A Philosopher, an expert on mud and a lawyer walk into a committee meeting. The philosopher says government should control everything. The expert on mud says it can be done but it will be dirty. The lawyer says, no problem, let me show you the way. -- Did you think this was a joke? It’s not.
Dane County Executive Kathleen Falk has been keeping a low profile since her statewide defeat for Attorney General, but she has been very busy. Working through her appointed representatives, Kristine Euclide, Martha Gibson and Sally Kefer, she has very cleverly twisted a county committee established to watch dog over water and sewer developments into a Central Planning Body for every aspect of Dane County development.
The Capital Area Regional Planning Commission (CARPC) is a group of 13 political appointees that has been stacked by the Falk/Cieslewicz environmentalist axis. Falk and Cieslewicz believe the primary role of government is to control the effects of human civilization on the environment. Their New Urbanism philosophy believes humans need to minimize their “footprint” on the planet. This perceived need to segregate people and nature justifies their efforts to control every aspect of society.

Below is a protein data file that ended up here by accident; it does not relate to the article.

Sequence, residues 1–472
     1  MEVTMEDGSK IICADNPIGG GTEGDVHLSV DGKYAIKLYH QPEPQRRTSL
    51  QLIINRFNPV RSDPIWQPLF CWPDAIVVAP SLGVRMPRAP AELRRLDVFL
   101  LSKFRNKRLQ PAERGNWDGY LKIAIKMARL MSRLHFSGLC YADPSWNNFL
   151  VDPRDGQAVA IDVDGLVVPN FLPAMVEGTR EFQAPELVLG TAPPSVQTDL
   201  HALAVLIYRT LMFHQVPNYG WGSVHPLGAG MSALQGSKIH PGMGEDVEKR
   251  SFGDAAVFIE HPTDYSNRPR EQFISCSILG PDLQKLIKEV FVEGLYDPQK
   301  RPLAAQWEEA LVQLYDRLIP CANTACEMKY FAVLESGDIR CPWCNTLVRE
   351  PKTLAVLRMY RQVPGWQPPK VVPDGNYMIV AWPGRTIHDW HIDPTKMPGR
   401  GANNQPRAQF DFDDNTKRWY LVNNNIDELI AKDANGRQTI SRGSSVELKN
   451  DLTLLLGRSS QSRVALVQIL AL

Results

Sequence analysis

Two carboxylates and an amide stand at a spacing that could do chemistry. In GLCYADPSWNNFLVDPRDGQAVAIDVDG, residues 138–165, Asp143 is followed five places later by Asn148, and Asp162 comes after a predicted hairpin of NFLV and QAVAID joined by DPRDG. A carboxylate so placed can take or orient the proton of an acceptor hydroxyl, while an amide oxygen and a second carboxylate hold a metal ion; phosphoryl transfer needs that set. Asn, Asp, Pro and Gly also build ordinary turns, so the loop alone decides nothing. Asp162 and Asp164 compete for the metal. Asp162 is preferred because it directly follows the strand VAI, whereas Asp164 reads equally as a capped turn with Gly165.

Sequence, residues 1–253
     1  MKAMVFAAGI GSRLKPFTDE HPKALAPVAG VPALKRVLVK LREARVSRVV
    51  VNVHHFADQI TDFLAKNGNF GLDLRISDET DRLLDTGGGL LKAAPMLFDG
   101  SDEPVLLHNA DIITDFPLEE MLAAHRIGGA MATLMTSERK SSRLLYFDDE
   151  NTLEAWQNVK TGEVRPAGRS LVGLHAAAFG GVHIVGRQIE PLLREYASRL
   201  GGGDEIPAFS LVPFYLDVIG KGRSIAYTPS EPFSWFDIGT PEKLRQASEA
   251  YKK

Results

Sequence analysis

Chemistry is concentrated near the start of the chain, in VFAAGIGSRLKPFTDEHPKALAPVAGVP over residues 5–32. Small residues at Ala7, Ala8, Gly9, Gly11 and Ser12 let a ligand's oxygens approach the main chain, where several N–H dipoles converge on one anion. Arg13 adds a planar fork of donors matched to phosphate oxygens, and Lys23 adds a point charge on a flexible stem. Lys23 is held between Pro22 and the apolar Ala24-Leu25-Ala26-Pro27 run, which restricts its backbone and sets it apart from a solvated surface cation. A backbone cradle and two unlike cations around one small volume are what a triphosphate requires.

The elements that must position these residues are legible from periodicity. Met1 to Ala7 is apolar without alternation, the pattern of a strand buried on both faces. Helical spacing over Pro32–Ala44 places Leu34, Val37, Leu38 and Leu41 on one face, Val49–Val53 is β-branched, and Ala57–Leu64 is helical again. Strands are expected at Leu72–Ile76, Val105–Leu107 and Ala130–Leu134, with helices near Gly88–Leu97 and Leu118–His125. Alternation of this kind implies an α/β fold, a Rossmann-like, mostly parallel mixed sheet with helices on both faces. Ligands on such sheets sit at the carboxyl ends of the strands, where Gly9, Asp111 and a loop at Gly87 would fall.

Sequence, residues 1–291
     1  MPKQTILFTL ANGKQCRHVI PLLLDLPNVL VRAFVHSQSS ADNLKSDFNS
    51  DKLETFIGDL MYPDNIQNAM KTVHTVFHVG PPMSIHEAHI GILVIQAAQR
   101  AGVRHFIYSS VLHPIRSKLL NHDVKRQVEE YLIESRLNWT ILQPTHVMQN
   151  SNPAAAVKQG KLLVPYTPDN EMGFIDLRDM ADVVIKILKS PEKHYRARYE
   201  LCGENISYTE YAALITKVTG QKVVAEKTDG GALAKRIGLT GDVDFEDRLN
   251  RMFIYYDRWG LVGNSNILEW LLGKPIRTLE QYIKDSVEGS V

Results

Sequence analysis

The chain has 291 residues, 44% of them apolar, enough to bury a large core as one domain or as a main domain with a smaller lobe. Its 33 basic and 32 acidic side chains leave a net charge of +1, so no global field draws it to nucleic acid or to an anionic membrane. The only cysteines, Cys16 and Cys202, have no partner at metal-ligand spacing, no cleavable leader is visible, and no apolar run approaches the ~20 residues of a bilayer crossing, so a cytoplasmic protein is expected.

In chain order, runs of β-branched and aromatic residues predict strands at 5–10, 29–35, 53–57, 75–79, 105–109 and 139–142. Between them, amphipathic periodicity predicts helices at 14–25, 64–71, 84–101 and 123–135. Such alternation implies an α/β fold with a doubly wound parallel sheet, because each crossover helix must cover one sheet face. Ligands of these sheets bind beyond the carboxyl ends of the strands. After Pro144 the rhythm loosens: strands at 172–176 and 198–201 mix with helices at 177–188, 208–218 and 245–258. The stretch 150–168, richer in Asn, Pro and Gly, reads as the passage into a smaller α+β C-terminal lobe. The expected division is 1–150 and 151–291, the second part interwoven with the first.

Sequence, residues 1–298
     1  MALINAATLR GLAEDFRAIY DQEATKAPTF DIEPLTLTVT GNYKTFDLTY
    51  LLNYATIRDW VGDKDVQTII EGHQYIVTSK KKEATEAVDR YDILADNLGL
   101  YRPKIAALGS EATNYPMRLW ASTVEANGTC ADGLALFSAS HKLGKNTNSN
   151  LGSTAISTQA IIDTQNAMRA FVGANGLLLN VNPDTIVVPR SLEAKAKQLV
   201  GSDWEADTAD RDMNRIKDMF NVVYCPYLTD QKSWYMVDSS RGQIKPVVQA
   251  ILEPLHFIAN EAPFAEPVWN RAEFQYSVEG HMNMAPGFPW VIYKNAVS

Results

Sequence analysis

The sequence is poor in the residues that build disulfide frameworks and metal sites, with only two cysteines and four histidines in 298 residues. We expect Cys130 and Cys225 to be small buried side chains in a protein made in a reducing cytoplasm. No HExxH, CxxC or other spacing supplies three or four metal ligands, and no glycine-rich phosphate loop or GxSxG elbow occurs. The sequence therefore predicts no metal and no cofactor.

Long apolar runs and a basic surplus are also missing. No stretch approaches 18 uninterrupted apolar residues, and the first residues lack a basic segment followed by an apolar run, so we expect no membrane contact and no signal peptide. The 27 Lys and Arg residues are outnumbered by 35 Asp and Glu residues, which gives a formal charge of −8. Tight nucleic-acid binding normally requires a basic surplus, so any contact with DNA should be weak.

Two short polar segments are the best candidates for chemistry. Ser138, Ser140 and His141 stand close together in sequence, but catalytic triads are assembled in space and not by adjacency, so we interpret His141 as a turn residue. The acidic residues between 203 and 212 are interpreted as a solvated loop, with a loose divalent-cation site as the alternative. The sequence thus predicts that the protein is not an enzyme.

Because they believe the spread of humanity is bad, they understand control of infrastructure is a very powerful tool to limit growth. This is why a committee originally tasked with making sure that sewers don’t dump into lakes and streams can justify expanding their power to assert regulatory control in part but not limited to municipal boundaries, lot sizes, business models, construction design, road placement, rail initiatives and the availability of electricity.
The draft of the Dane County Land Use and Transportation Plan is released quietly from the committee and reads like a New Urbanist indoctrination manual. This is not a work outlining regulatory rules of fair play. This is a revolutionary declaration that Dane County government, under Kathleen Falk and Dave Cieslewicz, absolutely intends to impose their vision of how people need to live -- on the people. One brief example:
It is the policy of the CARPC to seek efficient use of land through higher densities of development, mixed use infill development and redevelopment within the urban cores of the region, and the use of existing vacant developable lands within urban service areas prior to expansion into new areas.